“Kids are so resilient.”
Have you ever heard that phrase? I often hear it when people are talking about a move or a divorce and how it will affect the kids.
While I believe that phrase is often true, it’s not always true. And it’s also not always true right away. Sometimes kids have a hard time with transitions— big life changes that alter their structure, routine, relationships or surroundings.
While we can’t avoid change, it’s ironically a certainty of life, we can adopt strategies that can help our families make the most of a transition. Here are a few:
- Take a moment to think back on your childhood: What transitions occurred that took time for you to adjust to? What would have been helpful for you in that season? Try to do those things for your kids.
- Let grief have its place: Grief is a natural process when we experience any type of loss, including a move or when kids must change schools. Allow your kids to be sad. If you’re sad, let them see you sad. Allowing everyone in the family to grieve is healthy and productive.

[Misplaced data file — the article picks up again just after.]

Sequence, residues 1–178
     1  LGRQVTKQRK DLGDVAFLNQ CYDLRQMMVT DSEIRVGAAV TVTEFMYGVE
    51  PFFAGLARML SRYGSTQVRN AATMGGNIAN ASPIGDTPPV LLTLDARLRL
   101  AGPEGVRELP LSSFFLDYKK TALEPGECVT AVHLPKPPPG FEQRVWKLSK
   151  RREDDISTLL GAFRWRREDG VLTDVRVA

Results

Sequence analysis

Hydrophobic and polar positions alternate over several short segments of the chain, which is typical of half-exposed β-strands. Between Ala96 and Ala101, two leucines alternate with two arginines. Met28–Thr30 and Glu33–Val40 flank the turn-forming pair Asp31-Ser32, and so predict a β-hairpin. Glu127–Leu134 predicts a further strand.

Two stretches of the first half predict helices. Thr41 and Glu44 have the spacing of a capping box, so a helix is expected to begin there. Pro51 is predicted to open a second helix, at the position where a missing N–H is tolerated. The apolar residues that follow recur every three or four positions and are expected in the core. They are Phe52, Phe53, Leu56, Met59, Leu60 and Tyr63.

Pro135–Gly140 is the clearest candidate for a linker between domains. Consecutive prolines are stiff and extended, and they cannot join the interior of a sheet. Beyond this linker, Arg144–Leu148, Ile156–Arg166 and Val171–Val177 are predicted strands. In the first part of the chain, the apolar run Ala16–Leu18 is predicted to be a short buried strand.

- Honor the past and look forward to the future: Create a scrapbook to commemorate what you’re moving away from. Let the kids creatively express their feelings and capture special memories they have. At the same time, dream together about the future. Talk about what the transition makes possible: is it new friends? A school with exciting extra-curricular activities? While kids may not be able to imagine good coming out of a change, talking about it may plant seeds that will grow over time.
- Ask questions and listen: Make time to talk to your kids regularly about how they’re feeling. Ask questions that will require more of a response than “Yes” or “No.” Instead of “Did you have a good day?” Ask something like, “What did you enjoy about school today? What challenged you?”
- Pray together: Family prayer is such a powerful way to strengthen your bond with God and each other. Pray about what God might have in store for your family through the change and in the new season. Write down your prayers and down the road, you’ll be able to see and remember how He answered them.
What other strategies do you have for helping children through a transition?